I must say that I am impressed that most members of the team have eagerly challenged this pseudo new technology. Methinks learning by doing is always the key to success, particularly when the learning curve is steep. There will always be bugs or nuances that cannot quite be explained, nonetheless you have to be willing to stick your toe in the pool and then gradually wade to the deeper water.

*From a technical perspective -
I chose to hide the wiki syntax from all of the users because it can be somewhat confusing, even for those that are familiar with HTML syntax. I have also noticed that RSS modules do not seem to be working as desired. In an effort to reduce the amount of time that our team spends trudging over to Facebook and Y! Groups, I spent an inordinate amount of time playing with Y! Pipes to help syndicate the content in both areas. The result has not been very good. While the Y! pipe seems to work, when I place the resulting feed in my Bloglines news reader, I receive a weird "access denied" message. It appears to be some sort of permissions issue, but I have not been able to narrow it down. I'll keep hacking.

The wiki is indeed feature rich, it will even post on the fly email messages destined for a particular forum thread provided that you point it to a POP server. Clearly we will never make use of all its features (ie newsletter, polls, team member blogs, etc), but it is great to have the tools.

Perhaps the feature I enjoy best is that the wiki admin feature gives you a choice of saving files to the filesystem or simply writing changes back to the database. I chose the latter, thus I can save precious disk space on my web server.

Overall the response has been favorable and the experiment could be described as positive.
I suppose the next step will be making regular back-ups to the database and wiki subdirectory, so that I will not run the risk of losing our hard work.

If after 120 days we deliver a quality Silver Anniversary, I will rate the experiment a success.

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Fiduciary Responsibility

WASHINGTON - DECEMBER 06:  House Financial Ser...

Image by Getty Images via Daylife

The effect of the Recession or Depression depending upon which region of the US that you reside has been well documented. Many of my friends and colleagues have been directly impacted by job loss and an imploding housing market. The sad reality is that many people have lost 30-50% of the value on their homes. No fault of their own, they followed the so-called American dream. As responsible homeowners, they paid their mortgages dutifully and made sure that they did not purchase more home than they could afford. That is the unspoken rule that your monthly mortgage should be no more than 1/3rd of monthly income.

After doing what was correct, many folks are conflicted.

Some have resorted to just walking away from their mortgages, after all these loans are secured instruments which use only the property as collateral. Moreover, some folks believe that due to a failing economy, lenders will later 'overlook' their indiscretions. Perhaps the conversation would go, "So you're claiming bankruptcy and you've foreclosed on your home?" , the reply , "Yes I have. " The credit lender would reply, "Oh yeah 2009 CY, everybody was doing that then. Special circumstances, we'll forgive you." How likely is that scenario? Heh, don't believe the hype. That sort of stuff never works out the way you might envision it. Particularly for people of color. Unfortunately, in a Capitalist society, good credit is your only saving grace. Business deals are best done leveraging other folks money in a strategic and smart fashion.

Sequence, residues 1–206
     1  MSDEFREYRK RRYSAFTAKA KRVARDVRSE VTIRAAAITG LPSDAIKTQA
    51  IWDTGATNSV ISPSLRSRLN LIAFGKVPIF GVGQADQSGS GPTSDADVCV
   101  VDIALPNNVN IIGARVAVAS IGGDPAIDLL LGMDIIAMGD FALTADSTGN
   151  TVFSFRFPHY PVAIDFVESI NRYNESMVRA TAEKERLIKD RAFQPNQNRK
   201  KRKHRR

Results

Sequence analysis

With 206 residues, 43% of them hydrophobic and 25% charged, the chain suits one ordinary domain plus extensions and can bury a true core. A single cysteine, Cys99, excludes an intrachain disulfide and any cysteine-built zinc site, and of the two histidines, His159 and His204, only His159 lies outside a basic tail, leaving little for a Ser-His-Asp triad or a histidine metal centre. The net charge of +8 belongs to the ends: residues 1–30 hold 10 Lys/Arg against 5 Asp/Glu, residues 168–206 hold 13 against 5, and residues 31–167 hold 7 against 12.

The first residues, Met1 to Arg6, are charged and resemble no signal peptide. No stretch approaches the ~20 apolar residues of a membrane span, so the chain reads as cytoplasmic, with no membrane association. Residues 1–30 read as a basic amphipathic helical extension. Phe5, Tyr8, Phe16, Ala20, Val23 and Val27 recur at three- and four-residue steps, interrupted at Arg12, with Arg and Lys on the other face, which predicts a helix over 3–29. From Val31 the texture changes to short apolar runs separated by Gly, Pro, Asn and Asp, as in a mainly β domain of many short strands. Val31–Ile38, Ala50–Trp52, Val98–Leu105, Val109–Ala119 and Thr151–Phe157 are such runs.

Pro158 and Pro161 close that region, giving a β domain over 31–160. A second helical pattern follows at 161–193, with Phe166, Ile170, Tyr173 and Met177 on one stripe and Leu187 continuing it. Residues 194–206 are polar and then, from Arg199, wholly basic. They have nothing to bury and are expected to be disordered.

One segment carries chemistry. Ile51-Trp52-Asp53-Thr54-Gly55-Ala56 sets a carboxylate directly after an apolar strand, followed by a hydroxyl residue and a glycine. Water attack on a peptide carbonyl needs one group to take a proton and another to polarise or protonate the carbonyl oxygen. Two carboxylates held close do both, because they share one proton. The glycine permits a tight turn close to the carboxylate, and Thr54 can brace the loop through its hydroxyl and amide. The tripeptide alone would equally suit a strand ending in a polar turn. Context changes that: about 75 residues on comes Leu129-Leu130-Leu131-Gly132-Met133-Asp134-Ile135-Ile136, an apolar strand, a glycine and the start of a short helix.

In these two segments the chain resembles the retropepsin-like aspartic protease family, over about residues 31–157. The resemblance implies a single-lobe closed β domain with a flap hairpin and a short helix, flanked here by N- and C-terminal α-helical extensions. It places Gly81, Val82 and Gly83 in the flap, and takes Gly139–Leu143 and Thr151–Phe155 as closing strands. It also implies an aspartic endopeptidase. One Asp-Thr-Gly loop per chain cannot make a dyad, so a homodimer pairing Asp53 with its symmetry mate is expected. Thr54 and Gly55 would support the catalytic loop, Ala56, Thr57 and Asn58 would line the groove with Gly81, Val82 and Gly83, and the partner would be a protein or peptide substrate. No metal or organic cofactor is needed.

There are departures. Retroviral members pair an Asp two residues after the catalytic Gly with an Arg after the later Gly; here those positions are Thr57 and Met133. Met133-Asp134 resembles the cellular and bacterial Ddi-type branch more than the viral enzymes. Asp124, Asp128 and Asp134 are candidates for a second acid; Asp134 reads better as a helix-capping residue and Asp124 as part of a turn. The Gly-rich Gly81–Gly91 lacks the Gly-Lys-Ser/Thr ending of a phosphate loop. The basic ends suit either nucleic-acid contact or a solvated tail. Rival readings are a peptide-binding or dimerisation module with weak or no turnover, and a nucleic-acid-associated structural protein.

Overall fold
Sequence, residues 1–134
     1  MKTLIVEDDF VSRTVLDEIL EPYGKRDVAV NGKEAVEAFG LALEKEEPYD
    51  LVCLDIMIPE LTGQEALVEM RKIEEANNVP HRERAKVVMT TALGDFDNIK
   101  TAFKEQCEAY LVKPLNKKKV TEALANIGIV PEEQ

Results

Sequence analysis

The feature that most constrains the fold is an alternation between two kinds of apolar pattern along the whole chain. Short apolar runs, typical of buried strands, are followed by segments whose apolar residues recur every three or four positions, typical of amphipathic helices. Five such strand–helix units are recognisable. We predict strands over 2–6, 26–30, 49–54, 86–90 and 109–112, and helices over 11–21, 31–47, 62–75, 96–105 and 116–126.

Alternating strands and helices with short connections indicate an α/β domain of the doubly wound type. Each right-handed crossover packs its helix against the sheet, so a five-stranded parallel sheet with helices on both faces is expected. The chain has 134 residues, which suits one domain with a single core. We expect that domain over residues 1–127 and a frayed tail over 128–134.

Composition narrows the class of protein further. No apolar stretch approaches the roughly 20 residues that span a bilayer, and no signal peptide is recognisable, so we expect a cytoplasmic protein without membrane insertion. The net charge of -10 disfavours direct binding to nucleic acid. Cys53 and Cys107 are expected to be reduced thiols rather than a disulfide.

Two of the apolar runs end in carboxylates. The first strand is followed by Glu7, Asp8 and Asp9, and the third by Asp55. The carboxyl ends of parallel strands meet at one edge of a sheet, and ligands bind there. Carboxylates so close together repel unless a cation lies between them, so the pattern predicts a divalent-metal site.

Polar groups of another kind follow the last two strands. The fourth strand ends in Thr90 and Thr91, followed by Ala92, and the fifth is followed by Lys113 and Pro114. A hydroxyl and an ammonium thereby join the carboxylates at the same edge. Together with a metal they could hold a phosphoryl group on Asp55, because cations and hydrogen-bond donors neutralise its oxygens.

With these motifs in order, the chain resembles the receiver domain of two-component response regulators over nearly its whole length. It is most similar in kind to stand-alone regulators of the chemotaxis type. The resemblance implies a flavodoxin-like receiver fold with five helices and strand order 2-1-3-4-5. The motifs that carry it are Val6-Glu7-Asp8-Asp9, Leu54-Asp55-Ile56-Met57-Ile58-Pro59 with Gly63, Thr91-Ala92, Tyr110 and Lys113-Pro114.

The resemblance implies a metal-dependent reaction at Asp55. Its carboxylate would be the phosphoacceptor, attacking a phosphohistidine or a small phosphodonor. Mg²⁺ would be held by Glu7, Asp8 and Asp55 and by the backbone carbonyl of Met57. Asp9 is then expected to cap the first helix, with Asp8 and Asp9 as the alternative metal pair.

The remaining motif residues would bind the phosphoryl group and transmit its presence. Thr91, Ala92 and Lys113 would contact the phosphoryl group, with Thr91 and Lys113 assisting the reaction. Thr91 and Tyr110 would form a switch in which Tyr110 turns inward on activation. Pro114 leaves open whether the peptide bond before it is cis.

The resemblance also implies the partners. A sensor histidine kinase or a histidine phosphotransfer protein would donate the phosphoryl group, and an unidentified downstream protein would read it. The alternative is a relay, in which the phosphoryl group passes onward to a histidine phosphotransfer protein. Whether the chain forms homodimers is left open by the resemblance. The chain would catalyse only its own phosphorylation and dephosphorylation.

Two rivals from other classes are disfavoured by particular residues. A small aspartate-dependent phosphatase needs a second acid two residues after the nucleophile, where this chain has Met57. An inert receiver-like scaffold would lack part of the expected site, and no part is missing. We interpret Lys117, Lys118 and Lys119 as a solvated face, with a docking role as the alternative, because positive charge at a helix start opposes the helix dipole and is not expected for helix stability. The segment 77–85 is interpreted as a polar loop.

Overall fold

There are a few ways to combat the depressed housing market. I might add that these strategies are not full proof, but they are options. If you own a Fannie Mac property, you can take advantage of the gov't led program. You can also request that your mortgage be modified; particularly if you have been paying on time.

One more word on some of these programs which help people avoid foreclosure.
The Obama campaign has created the making homeAffordable effort. While is quite noble and probably helpful, I have learned that it may not be totally enforceable. As an investor, it does appear that the banks appraising properties that they suspect do not meet the 125% Loan-to-Value. This is a very foul policy as it defeats the spirit of the Obama program. So once again, the banks win? Well, maybe not. My approach is to be aggressive and empower myself with knowledge. Lastly, I will continue to live a frugal lifestyle and live below my means whenever possible. Coupons and receipt reconciliations are my favorite past times.

Hold your head up and be encouraged.

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Penny-Less Prosperity Redux

These three assholes just get more and more pa...

Image by Roscoe Van Damme via Flickr

*Disclaimer* - The thoughts expressed here do not represent those of my employer
Some of asked me about my opinion regarding some unprecedented times in the auto industry. Both Chrysler and GM have filed for bankruptcy protection in the past 2 months. Clearly, the North American market and manufacturing base is undergoing drastic changes.
There is a substantial amount of acrimony surrounding the tough love stance the US government leadership has delivered to the industry. Perhaps at the eye of the storm are the deep haircuts the bond holders have taken and the scorched earth policy which will significantly reduce the number of auto dealerships.